The dog Buck lives a privileged life in the family of a California judge. But when gold is discovered in the Yukon Valley and thousands of men rush north, Buck is stolen from his home and sent north to pull sleds for the Canadian mail service.
Buck finds he must learn fast or die, and the new law of life is primitive—the law of club and fang.
London reveals the lengths to which men will go to satisfy the gold lust, and he explores the animal instinct of kill or be killed as Buck rises to become leader of the pack.
Through Jack London's exciting Alaskan adventure, Call of the Wild, students will learn:
Historical Background: Gold rush 1897-8, Alaska.
Author Biography: Learn about Jack London.
Before-You-Read Activities: History research, maps, timeline, biography, art, movies.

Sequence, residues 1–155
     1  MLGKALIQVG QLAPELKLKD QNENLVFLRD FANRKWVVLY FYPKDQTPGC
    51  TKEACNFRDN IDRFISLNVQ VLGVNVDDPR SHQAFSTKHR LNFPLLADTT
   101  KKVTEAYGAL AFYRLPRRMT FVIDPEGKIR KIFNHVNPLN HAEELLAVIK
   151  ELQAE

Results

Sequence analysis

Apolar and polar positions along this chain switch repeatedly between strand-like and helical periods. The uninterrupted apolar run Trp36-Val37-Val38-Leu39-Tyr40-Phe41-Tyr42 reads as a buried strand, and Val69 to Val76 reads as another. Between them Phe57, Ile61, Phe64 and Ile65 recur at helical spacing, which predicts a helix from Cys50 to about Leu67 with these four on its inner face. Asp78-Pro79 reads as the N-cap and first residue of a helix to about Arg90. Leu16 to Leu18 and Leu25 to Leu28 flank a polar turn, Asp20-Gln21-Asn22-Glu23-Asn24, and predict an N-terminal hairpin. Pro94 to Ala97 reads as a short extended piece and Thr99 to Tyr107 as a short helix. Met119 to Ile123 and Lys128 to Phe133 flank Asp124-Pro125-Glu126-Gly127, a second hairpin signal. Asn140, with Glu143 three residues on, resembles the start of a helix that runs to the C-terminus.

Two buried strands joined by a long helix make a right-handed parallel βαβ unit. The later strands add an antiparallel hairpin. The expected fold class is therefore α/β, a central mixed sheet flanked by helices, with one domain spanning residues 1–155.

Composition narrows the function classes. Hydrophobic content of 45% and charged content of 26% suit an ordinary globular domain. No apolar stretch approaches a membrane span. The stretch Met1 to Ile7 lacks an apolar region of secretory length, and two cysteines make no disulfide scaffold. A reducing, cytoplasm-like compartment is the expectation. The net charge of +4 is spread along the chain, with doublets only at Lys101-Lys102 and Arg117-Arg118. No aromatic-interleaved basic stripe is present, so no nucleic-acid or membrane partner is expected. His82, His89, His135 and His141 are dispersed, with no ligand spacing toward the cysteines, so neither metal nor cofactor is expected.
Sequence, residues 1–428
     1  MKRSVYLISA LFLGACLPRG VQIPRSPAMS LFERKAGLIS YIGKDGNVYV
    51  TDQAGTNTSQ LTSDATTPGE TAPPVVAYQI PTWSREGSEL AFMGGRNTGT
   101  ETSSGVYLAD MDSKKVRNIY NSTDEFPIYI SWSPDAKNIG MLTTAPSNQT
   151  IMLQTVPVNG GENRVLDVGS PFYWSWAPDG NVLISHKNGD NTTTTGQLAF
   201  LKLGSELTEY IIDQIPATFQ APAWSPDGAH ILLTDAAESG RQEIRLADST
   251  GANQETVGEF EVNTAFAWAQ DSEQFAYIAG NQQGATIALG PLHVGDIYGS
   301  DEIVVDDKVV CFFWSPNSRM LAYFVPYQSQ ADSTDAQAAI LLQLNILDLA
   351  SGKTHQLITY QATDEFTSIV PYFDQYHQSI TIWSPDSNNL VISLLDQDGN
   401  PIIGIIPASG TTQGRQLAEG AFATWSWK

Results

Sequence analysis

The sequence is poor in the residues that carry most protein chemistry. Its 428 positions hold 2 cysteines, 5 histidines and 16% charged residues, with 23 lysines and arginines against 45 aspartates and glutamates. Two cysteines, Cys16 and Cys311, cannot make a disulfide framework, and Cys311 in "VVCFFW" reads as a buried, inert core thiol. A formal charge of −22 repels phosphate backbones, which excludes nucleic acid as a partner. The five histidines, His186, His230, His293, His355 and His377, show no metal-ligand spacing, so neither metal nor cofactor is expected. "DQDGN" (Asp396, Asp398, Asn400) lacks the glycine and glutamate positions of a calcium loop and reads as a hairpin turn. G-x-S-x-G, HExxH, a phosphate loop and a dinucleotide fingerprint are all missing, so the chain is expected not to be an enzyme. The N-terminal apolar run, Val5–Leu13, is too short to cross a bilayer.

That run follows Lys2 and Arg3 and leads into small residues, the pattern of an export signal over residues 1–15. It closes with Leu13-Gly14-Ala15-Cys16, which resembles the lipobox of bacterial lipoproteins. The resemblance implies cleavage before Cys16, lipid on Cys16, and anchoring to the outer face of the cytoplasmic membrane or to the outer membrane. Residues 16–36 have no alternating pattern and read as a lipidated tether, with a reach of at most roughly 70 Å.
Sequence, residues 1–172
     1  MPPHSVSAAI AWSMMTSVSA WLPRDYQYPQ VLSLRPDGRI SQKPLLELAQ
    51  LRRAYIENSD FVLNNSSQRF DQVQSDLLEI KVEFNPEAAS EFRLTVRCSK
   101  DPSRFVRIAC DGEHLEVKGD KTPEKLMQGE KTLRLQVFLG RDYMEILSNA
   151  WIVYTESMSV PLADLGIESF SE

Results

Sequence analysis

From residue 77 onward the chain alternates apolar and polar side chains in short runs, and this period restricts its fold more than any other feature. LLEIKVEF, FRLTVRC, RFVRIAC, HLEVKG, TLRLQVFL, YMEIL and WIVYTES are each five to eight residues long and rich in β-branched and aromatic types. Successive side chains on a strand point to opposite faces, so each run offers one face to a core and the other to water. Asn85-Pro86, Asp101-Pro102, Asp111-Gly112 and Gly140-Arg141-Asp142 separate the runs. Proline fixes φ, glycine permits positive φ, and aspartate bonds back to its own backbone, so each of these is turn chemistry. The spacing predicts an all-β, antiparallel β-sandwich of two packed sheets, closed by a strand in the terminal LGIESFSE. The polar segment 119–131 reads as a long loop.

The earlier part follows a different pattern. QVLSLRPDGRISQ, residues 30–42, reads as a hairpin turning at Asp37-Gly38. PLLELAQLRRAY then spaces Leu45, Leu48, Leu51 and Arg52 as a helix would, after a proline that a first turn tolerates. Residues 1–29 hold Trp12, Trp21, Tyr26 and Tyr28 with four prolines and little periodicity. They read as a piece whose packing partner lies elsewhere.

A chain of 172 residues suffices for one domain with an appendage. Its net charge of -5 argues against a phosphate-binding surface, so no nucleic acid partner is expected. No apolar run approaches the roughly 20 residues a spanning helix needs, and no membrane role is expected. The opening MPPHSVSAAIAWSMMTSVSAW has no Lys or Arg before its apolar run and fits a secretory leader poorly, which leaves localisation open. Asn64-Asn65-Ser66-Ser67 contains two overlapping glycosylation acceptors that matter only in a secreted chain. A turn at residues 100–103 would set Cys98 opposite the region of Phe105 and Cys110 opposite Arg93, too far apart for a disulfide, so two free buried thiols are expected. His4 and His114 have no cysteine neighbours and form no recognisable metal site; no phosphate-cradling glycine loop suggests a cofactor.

Vocabulary words used throughout the novel, utilizing a variety of activities to stimulate retention and growth.
Literary Techniques: In context, dictionary, anthropomorphism, personification, setting, hyperbole, repetition, dialect, irony, foil, paradox, allusion, simile, metaphor, legend, dichotomy, theme, dramatic structure.
Moral Lessons and Character Values: Equal under God, do unto others, authority, determinism, moral relativism, pragmatism, success vs. doing right, pride, strong vs. weak, wise counsel, love our neighbor, conflict, mercy, power and wealth.
Activities and Writing Assignments: Animals, morality, multiple essay ideas, absurdity used to justify, class discussions, animal euthanasia, leadership, trip/activity planning, haiku, dog training.
Suggestions for Further Reading: We include an in-depth reading list of more books by the same author(s) and other books that tie in with, or are similar to, Call of the Wild by Jack London. Movie suggestions included.
All of the unit lessons are written from a Christian worldview!
Printed Workbook Format